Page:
In November, just two months after India’s highest court decriminalized same-sex relations, the Awadh Queer Committee (which has already organized a pride march and a film festival in the past year) in Lucknow will present the first dedicated LGBTQ literary event anywhere in South Asia.
“Under the proposal, tickets for events like concerts, movie showings and professional sports games would be subject to a 7 percent tax. The tax, if passed by Columbus City Council, would help fund local arts as well as maintenance at Nationwide Arena. But members of the arts community are divided on how much it would actually benefit the city.”
TIFF was conceived as North America’s audience-friendly answer to the black-tie formality and Olympian competition of the Cannes film festival. By now, it has upstaged Cannes as the launching pad for sending movies into Oscar orbit. North American producers have become wary of risking their fortunes on the French Riviera.
It’s unlikely to be Amazon, which is forging its own path and has thus far seemed only marginally interested in physical book retail. It’s not clear that Books-a-Million and Half-Price Books, the second- and third-largest general trade book retailers, have the resources, let alone the ambition. One possible candidate, according to multiple sources in book publishing and retail, is the Canadian book seller Indigo, which has defied the bleak trends in publishing in recent years, posting profits and selling literary fiction by the crateload.
“People get hung up on how eccentric some of his ideas were, but the core of his claims remains relevant and important. That is to say: our aesthetic experience, our experience of beauty in ordinary life, must be central to thinking about any good life and society. It’s not just decoration or luxury for the few. If you are taught how to see the world properly through an understanding of aesthetics, then you’ll see society properly.”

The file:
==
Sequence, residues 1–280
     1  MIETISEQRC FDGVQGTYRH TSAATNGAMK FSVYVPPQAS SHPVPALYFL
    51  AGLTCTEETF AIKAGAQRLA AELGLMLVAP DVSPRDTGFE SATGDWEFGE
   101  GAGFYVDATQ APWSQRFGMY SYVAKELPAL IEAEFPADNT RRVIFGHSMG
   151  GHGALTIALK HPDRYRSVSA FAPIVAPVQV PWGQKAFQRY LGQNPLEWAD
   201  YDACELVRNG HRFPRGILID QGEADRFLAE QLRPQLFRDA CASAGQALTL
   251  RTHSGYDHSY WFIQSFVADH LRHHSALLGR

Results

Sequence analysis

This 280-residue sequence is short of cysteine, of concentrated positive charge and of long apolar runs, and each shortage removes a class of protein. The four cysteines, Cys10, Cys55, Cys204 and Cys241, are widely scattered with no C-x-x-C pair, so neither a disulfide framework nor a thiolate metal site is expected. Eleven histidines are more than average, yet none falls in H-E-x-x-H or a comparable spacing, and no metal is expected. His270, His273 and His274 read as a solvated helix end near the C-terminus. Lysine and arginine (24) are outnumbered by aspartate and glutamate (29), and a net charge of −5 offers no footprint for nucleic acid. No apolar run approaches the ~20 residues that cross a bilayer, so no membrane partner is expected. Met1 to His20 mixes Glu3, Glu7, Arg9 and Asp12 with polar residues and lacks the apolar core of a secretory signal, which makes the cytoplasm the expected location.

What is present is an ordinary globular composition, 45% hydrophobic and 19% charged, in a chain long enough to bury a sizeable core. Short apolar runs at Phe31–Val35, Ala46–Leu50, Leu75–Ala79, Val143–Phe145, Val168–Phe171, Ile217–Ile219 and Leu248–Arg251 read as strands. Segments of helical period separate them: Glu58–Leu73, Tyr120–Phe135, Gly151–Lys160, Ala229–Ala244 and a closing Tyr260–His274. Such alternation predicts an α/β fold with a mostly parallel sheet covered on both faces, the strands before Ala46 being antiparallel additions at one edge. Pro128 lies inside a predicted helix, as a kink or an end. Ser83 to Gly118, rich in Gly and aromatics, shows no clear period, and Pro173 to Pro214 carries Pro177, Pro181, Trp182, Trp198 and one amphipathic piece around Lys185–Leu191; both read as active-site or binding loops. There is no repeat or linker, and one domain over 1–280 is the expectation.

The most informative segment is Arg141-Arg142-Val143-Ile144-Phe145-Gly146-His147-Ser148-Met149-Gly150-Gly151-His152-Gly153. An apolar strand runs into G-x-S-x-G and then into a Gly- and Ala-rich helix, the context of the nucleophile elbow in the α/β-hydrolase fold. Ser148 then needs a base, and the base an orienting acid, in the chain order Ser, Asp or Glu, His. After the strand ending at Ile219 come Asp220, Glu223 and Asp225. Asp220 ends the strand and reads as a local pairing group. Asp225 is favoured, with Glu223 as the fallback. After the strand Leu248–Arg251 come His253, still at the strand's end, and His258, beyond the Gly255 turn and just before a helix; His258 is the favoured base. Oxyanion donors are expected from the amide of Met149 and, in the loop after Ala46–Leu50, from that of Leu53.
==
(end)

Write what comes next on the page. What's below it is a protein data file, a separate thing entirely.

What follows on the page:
The gallery’s exhibition figures for last year and the first part of 2018—which are not in dispute, because they are ticketed and thus use a different system—will no doubt give the gallery pause for thought, because its contemporary exhibitions have been poorly attended.
When Glenstone opens its new facility to the public next month in Potomac, Md., the art museum will do so at a moment when something new is stirring in the art world: a powerful sense that too many museums have become a victim of their own success, and a new paradigm for experiencing art is desperately needed.
Black and Latino musicians make up less than 5 percent of orchestra members. A group made up of 700 orchestras and several nonprofits wants to change that — so the National Alliance for Audition Support launched an effort this year. It provides training and financial assistance to get more black and Latino classical musicians into auditions.
“The dancers themselves meticulously organize these tours. They are in charge of fielding requests aligning schedules and flight itineraries, securing their own costumes and music, and then rehearsing for their guest roles — sometimes with an entirely new partner.” Meryl Cates talks to several of them, including such stars as Sara Mearns, about everything that goes into planning the tours and what makes them rewarding.
When the new program, which offers a pair of free tickets per year for each of 33 museums and institutions to any city resident with a library card, launched last month, thousands of people applied — and a number of venues quickly ran out of available tickets.
Christian Tetzlaff’s Bartók Violin Concertos won the Concerto category, with Arcadi Volodos taking the Instrumental prize for his recent Brahms solo disc. Among other honorees are a period-instrument Ravel Daphnis et Chloé (Orchestral), mezzo Marianne Crebassa accompanied by Fazil Say (Solo Vocal), the Estonian Philharmonic Chamber Choir singing Pärt and Schnittke (Choral), and the choir Blue Heron for the last of a five-disc set of never-before-recorded early Tudor sacred music.
John Earl Jelks: “If you live in L.A. or New York or Chicago or one of these major cities, you don’t really think about these people, but 100 miles outside of any of these places, life is so different … How did we end up forgetting about these people? Because that’s what happened.”